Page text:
- QCDs are treated as coming from the taxable layer of your IRA balance. Say, for example, that you own one or more traditional IRAs to which you have made nondeductible contributions over the years. Your IRA balances consist of a taxable layer (from deductible contributions and account earnings) and a nontaxable layer (from those nondeductible contributions). QCDs come from the first, taxable layer. Any nontaxable amounts are left in your IRA(s). Later, those nontaxable amounts can be withdrawn tax-free by you or your heirs.
- QCDs reduce your taxable estate, although that’s much less an issue for most folks right now because the TCJA drastically increased the federal estate tax exemption for tax years through 2025. The exemption for 2019 is a whopping $11.4 million ($22.8 million if you’re married).
Are You a Good QCD Candidate?
Individuals who can afford to donate IRA money can benefit tax-wise if they match one or more of the following profiles.
- You want to avoid being taxed on the required minimum distribution amount you must take from your IRA.
- You’re wealthy and looking for a quick and easy estate tax reduction strategy.
- You’re limited in making itemized charitable donations because of the increased standard deduction.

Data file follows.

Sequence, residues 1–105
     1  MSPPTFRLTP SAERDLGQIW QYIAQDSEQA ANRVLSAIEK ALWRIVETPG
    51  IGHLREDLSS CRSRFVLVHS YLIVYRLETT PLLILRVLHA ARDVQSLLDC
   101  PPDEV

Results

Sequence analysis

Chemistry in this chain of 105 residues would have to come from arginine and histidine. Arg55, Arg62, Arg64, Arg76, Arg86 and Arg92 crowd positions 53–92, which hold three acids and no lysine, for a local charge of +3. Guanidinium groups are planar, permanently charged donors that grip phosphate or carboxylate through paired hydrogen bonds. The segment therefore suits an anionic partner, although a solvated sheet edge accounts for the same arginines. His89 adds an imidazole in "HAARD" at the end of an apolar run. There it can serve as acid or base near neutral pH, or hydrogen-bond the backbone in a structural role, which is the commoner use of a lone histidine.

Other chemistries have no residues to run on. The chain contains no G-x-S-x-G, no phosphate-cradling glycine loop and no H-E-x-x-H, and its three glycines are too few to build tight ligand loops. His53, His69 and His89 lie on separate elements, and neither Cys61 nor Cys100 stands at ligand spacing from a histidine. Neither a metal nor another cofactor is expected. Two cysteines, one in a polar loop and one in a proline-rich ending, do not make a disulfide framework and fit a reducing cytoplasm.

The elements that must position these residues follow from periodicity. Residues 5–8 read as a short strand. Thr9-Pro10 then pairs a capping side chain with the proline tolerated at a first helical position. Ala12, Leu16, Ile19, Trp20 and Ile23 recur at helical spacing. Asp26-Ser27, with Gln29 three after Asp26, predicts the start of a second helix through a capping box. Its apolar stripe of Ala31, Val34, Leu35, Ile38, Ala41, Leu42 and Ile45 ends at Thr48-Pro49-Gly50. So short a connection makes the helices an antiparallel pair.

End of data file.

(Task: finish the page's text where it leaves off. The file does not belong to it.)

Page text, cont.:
Should You Consider QCDs from a Roth IRA? Generally, the answer is no. Reason: You and your heirs can take federal-income-tax-free Roth IRA withdrawals after at least one Roth account owned by you has been open for at least five years. Also, for original account owners (not beneficiaries), Roth IRAs aren’t subject to the RMD rules until after your death.
Bottom line: Because the tax rules for Roth IRAs are so favorable, it’s generally best to leave Roth balances untouched rather than taking money out for QCDs.
The TCJA altered the playing field for charitably minded individuals. In particular, the QCD privilege may now be a really tax-smart opportunity for well-off seniors with more IRA money than they need for retirement. Your tax advisor can help you plan ahead to get the most tax-saving bang for your charitable bucks.